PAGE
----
and use the yellow and red background for a chintz.
Avoid black on white. It's a fashionable look in contemporary decorating but there were no black toiles (perhaps a dark brown or dark blue but no true black.) Reliable black dyes for cotton just weren't available until the end of the 19th century.
Lily Pulitzer toile
And no green toiles if you are looking for historical accuracy.
Printers could not print yellow over blue to get green---it wouldn't register.
They might do single step greens but those are rare.
What to Do With Your Stack of Stars?
Float Them in a Sea of Toile.
Vintage star quilt about 1820 sold at Skinner.
I love to see this contest between the patchwork and the print.
Each tries to dominate.
Quilt about 1820, collection of the Grand Rapids Museum
When toiles created a classic decorating fashion quilters responded with their own design style---A very busy design style (see last week's post).
Edyta Sitar took this photo of the details in the Museum's quilt
set with red toile in a brown border.
Another take on the nine-patch: Brown set, red border
From Rocky Mountain Quilts: Red set,brown border
I could go on but you get the picture.
Simple Gifts, reproduction quilt by Marsha McCloskey
Marsha McCloskey and Sharon Yenter updated the
look in what they called Blended Quilts.
Toile Exchange by Vivian Helena
Vivian's group traded toiles and stars pieced of toiles. Vivian set her exchange blocks with more toiles in a star sashing.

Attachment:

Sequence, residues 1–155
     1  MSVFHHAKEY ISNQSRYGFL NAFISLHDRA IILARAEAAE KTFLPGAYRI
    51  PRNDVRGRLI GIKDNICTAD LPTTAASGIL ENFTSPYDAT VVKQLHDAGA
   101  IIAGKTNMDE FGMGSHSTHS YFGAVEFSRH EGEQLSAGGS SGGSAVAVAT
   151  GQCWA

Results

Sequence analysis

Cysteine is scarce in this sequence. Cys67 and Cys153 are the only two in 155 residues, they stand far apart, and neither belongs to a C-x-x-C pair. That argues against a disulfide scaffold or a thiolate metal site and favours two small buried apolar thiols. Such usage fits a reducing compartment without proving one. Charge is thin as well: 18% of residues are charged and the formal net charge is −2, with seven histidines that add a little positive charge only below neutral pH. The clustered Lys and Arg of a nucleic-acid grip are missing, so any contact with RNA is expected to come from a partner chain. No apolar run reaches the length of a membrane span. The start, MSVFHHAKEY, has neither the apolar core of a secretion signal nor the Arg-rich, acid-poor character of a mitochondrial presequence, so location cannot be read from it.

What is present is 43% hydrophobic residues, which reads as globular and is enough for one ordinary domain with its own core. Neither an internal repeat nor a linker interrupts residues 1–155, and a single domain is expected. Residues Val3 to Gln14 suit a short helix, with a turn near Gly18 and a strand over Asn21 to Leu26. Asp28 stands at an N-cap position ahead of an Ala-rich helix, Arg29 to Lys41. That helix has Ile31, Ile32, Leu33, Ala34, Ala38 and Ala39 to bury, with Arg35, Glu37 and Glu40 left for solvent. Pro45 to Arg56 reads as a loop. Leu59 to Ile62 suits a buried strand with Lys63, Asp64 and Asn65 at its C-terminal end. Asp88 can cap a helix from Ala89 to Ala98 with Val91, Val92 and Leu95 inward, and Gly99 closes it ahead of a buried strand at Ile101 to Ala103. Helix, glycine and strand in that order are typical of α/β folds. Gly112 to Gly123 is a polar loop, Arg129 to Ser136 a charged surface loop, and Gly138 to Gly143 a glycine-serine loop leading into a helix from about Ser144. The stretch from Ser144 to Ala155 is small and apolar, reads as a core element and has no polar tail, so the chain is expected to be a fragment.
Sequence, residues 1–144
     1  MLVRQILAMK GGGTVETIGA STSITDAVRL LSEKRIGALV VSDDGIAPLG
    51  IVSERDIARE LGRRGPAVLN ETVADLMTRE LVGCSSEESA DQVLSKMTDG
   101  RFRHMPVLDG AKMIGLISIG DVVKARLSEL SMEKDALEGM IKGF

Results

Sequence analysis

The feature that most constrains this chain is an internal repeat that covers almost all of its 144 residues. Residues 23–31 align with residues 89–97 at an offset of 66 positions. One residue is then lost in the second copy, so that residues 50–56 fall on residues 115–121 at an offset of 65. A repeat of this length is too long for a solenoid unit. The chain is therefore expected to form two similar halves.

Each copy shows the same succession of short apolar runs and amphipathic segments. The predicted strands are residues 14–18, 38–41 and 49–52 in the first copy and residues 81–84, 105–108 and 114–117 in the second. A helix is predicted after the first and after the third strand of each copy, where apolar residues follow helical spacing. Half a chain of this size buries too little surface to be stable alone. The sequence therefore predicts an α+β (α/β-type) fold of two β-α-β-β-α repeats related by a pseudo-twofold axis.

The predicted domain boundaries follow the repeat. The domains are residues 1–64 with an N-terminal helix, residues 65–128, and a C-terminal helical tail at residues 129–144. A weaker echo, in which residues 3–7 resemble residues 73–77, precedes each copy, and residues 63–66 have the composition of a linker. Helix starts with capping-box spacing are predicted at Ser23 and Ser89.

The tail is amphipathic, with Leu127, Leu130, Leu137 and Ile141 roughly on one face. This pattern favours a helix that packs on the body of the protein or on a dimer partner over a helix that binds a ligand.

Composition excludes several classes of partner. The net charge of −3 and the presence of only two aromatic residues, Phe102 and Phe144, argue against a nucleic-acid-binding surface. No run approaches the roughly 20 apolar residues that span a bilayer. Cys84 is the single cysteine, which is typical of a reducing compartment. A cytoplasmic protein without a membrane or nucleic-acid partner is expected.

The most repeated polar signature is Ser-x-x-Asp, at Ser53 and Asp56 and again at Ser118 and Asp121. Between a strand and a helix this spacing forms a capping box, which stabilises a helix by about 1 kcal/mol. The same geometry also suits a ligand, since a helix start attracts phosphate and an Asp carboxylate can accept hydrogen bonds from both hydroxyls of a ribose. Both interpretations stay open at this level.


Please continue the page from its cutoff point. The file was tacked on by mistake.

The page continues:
One More Thing About Toiles
Toile is a fashion term rather than a technical term. The early toiles were produced by copper plates 36" long but printers learned to get the same look with roller prints.
How do you know if the toile is plate printed or roller printed?
It's impossible to tell in a small swatch.
Collection of Historic New England
But if you have a bigger piece as in the early quilt above (I assume it is a bed-size quilt) you can measure the repeat. Plate prints have a large repeat of about a yard or meter. I'm guessing the quirky quilt above features true plate prints.
However, most of the toiles I've seen in American quilts are roller printed.
It's easy to gauge the repeat in border strips.
The roller print repeat is about 15"-18". Even in
a photo you can guess that the repeat in the border toile above
is not 36". It's not a copper plate print.
It's a roller print done in plate-style.
This strip quilt of two toiles from Skinner auctions
also has short repeats typical of roller printing.
Find the top of the image and the bottom
and measure it top to bottom.
I can tell from the photo that it's the small repeat typical of copper roller prints.
A roller-printed toile
What you are buying today are silk-screened toiles...
....which can feature a large repeat. They lack the detail found in the vintage fabrics printed
by copper plates or cylinders.